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This link recently saved by racialicious on August 14, 2011
"Anyone can have [But I'm A Vegan problem]—white people, black people, women, men, Jews, Muslims, Christians, anyone. And though it sounds a lot like privilege, it's different. Privilege is a toxic yet unintentional default setting, whereas BIAV is willful ignorance. Privilege is what causes Moby, as a wealthy white guy, to think it's funny for black rappers to name-check museums; BIAV is what prompts him to snark at anyone who would dare suggest he is in the wrong. Privilege is forgivable; BIAV is inexcusable."
This link recently saved by racialicious on June 10, 2011
Say that, Sherman Alexie!--AJP "When some cultural critics fret about the 'ever-more-appalling' YA books, they aren’t trying to protect African-American teens forced to walk through metal detectors on their way into school. Or Mexican-American teens enduring the culturally schizophrenic life of being American citizens and the children of illegal immigrants. Or Native American teens growing up on Third World reservations. Or poor white kids trying to survive the meth-hazed trailer parks. They aren’t trying to protect the poor from poverty. Or victims from rapists.
"No, they are simply trying to protect their privileged notions of what literature is and should be. They are trying to protect privileged children. Or the seemingly privileged."
This link recently saved by racialicious on June 02, 2011
"[T]he rise in optimism is not linked to perceived end of discrimination.
"'No one black who I talked to thinks we have arrived at a point where we are an equal opportunity nation,' Cose says.
"Cose conducted two large surveys — one of black Harvard M.B.A.'s and one of graduates of A Better Chance, a program that sends kids to prep schools. He says he learned that for well-educated and well-prepared African-Americans, 'the sky is the limit.'
"Cose found that a generation after The Rage Of A Privileged Class, middle-class African-Americans are finding themselves with opportunities that didn't exist before."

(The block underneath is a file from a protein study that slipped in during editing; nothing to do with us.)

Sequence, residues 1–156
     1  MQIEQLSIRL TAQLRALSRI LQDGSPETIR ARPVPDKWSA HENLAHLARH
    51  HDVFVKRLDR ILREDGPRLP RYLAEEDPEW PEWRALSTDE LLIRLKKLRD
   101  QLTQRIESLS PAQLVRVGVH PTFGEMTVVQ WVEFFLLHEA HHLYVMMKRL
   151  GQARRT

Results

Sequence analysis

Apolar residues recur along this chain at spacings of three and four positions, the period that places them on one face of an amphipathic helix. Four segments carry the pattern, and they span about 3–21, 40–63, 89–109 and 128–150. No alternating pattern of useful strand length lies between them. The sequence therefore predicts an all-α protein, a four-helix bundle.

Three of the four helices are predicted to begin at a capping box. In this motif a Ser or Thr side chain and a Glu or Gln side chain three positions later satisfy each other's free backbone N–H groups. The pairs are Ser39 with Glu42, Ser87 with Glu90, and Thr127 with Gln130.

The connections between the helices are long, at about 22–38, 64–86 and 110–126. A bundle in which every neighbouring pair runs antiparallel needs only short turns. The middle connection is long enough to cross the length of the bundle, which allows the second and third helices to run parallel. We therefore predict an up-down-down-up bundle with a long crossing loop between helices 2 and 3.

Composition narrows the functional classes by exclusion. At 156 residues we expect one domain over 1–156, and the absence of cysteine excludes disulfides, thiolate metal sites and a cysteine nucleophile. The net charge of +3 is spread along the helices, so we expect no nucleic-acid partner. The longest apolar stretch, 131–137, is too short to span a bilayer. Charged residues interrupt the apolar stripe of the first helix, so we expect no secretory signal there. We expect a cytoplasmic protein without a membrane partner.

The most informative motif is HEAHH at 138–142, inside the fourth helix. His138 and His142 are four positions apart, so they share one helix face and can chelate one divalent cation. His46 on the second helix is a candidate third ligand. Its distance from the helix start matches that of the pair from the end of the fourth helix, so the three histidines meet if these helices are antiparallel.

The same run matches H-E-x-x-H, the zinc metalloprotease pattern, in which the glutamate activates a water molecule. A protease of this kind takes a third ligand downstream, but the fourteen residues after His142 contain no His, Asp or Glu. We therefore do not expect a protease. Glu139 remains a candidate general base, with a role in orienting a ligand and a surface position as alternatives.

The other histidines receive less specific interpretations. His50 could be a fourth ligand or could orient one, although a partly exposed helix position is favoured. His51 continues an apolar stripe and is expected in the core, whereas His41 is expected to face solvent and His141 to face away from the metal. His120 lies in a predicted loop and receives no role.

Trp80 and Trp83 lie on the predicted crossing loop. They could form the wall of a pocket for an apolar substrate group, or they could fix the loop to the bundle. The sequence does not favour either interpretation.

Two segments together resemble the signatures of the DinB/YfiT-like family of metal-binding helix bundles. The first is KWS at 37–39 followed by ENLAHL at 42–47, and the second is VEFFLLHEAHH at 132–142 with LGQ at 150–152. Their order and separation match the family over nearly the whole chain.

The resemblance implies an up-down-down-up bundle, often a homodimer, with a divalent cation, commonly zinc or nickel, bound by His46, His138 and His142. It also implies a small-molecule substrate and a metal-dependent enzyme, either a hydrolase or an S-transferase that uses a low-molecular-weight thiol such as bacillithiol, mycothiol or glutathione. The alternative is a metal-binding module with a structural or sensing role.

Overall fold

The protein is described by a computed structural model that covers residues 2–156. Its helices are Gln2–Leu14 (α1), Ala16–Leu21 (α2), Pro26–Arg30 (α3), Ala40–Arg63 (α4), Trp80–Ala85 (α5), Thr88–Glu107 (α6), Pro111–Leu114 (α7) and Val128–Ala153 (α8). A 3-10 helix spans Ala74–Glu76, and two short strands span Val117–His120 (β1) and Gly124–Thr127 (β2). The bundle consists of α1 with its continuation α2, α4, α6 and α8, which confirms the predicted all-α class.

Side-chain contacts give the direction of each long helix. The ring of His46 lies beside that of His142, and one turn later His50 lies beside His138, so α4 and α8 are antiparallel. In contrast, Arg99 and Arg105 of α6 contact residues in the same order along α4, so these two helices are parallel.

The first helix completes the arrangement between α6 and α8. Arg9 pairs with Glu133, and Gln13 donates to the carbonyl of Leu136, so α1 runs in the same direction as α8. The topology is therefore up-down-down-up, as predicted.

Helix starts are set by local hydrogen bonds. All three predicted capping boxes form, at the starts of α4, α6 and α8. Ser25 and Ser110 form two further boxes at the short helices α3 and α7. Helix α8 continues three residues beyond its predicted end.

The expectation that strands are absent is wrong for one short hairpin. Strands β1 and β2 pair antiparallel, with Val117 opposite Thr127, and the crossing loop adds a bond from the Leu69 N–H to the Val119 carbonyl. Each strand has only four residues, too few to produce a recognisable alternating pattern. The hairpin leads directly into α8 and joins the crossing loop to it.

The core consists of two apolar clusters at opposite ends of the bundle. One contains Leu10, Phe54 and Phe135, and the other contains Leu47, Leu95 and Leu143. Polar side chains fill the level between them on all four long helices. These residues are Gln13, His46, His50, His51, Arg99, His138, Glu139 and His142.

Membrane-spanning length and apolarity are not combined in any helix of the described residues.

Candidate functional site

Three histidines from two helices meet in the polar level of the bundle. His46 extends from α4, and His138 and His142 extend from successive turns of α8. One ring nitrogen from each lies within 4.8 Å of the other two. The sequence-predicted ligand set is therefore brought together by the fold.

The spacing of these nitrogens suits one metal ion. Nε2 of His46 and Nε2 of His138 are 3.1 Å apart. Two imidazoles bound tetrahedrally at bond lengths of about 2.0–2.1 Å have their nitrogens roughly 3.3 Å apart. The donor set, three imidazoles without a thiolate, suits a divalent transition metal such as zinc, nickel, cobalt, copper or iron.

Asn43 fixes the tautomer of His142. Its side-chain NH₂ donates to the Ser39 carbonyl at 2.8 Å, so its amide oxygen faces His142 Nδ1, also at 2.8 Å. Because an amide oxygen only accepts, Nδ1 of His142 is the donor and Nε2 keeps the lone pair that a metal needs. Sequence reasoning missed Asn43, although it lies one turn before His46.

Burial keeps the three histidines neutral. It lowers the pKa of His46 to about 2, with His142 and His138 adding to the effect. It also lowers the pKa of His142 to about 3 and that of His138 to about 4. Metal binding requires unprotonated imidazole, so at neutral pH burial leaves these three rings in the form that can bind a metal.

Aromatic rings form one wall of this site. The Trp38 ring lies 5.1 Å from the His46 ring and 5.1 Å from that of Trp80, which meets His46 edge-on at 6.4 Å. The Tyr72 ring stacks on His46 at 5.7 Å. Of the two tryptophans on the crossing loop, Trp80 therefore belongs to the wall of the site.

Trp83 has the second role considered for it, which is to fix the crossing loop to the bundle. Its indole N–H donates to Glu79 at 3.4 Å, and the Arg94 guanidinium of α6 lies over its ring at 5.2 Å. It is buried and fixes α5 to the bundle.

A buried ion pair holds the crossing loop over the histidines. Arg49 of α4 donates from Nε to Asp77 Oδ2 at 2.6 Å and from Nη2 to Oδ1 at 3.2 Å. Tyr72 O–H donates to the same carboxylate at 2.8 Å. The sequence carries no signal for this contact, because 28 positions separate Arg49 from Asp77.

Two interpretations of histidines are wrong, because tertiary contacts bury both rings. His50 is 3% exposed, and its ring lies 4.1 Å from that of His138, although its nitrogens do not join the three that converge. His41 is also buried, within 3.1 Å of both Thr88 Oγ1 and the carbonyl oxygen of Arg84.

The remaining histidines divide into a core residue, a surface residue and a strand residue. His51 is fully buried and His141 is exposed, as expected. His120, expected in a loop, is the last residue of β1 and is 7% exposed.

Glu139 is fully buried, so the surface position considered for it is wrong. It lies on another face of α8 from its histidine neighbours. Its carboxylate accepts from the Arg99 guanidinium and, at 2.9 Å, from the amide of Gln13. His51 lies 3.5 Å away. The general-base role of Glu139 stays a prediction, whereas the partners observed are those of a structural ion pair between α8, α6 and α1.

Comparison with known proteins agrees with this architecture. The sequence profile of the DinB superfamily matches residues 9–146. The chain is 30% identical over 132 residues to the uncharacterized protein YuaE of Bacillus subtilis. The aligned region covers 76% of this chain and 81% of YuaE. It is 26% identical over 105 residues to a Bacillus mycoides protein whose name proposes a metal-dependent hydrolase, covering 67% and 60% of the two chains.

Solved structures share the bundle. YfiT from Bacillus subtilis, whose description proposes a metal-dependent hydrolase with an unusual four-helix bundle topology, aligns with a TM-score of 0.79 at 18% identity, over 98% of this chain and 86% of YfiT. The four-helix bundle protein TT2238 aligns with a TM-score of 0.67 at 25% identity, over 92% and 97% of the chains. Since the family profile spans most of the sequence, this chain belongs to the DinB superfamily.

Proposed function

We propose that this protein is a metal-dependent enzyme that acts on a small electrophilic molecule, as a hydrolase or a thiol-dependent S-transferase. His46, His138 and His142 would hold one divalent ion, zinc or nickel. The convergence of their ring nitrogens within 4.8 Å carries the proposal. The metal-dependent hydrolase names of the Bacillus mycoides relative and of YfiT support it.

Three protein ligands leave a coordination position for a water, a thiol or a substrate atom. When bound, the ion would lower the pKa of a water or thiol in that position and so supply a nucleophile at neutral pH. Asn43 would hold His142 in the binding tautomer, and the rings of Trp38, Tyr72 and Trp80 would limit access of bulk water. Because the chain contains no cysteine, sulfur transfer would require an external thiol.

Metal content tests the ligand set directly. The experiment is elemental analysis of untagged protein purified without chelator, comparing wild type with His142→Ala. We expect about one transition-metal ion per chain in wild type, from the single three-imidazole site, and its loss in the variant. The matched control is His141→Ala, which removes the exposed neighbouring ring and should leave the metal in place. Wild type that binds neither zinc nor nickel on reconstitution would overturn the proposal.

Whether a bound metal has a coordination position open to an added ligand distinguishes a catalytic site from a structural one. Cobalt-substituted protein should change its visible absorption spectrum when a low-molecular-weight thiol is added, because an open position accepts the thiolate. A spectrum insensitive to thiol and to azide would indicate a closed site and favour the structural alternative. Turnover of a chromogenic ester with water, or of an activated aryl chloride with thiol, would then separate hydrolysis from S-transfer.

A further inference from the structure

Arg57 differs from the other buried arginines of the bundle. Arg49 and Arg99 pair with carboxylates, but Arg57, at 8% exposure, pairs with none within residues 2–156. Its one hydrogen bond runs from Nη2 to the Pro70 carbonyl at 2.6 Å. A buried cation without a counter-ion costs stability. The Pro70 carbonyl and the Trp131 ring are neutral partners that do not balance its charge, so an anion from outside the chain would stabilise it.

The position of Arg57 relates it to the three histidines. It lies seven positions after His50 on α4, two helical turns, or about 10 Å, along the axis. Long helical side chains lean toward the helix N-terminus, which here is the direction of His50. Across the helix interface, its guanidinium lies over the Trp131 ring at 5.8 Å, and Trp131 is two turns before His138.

This link recently saved by racialicious on May 07, 2011
"There are some legitimate criticisms of Affirmative Action. I think this is one of the dumbest. The underlying premise is that society is generally fair, and no one receives a leg up ever, except black people. Or it assumes that such advantages exist, but negritude, in the nation of white leagues, black codes, and red lines, imparts the sort of boost heretofore unwitnessed.
"But the history of America, itself, is, in no small measure, the history of an Affirmative Action program for white people."
This link recently saved by racialicious on April 19, 2011
"I think what bothers me about this is that neither side can see the sun through the trees. Look, the word f@ggot cannot be justified. Getting into a game of semantics leaves everyone a loser. It is equally wrong for anyone White, inject a racial slur into the conversation. No White person will ever know what it feels like to be called a nigger, and all analogy accomplished was to level the playing field and remind the Black person of the racial hierarchy. Why is it that marginalized groups cannot seem to understand that using oppression to fight oppression simply leads to - you guessed it - more oppression. Everyone loses when we take this approach. The bottom line is that White people don't get to invoke the word nigger as a teaching lesson, and no straight person gets to say the word f@ggot and get away with it. It all seems pretty simple to me, the moment one stops focusing on semantics."
This link recently saved by racialicious on April 13, 2011